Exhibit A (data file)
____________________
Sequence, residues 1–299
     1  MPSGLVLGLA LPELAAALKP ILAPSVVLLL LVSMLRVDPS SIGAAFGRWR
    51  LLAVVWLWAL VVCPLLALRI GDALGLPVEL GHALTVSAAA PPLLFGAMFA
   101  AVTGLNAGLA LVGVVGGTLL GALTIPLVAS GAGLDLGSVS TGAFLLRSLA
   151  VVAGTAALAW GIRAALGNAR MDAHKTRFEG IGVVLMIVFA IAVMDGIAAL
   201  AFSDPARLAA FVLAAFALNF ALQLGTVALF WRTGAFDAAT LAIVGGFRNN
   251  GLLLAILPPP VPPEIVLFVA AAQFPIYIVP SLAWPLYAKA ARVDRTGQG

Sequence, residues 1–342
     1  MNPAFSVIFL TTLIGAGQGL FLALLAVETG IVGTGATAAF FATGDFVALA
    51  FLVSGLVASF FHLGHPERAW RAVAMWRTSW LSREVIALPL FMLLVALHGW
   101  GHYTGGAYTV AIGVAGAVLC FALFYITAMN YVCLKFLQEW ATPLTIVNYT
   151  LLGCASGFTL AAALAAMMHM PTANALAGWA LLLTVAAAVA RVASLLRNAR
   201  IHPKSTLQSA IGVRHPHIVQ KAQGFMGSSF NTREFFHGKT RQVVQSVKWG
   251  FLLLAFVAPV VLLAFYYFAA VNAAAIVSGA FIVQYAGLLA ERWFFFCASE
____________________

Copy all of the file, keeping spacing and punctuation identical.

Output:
Sequence, residues 1–299
     1  MPSGLVLGLA LPELAAALKP ILAPSVVLLL LVSMLRVDPS SIGAAFGRWR
    51  LLAVVWLWAL VVCPLLALRI GDALGLPVEL GHALTVSAAA PPLLFGAMFA
   101  AVTGLNAGLA LVGVVGGTLL GALTIPLVAS GAGLDLGSVS TGAFLLRSLA
   151  VVAGTAALAW GIRAALGNAR MDAHKTRFEG IGVVLMIVFA IAVMDGIAAL
   201  AFSDPARLAA FVLAAFALNF ALQLGTVALF WRTGAFDAAT LAIVGGFRNN
   251  GLLLAILPPP VPPEIVLFVA AAQFPIYIVP SLAWPLYAKA ARVDRTGQG

Sequence, residues 1–342
     1  MNPAFSVIFL TTLIGAGQGL FLALLAVETG IVGTGATAAF FATGDFVALA
    51  FLVSGLVASF FHLGHPERAW RAVAMWRTSW LSREVIALPL FMLLVALHGW
   101  GHYTGGAYTV AIGVAGAVLC FALFYITAMN YVCLKFLQEW ATPLTIVNYT
   151  LLGCASGFTL AAALAAMMHM PTANALAGWA LLLTVAAAVA RVASLLRNAR
   201  IHPKSTLQSA IGVRHPHIVQ KAQGFMGSSF NTREFFHGKT RQVVQSVKWG
   251  FLLLAFVAPV VLLAFYYFAA VNAAAIVSGA FIVQYAGLLA ERWFFFCASE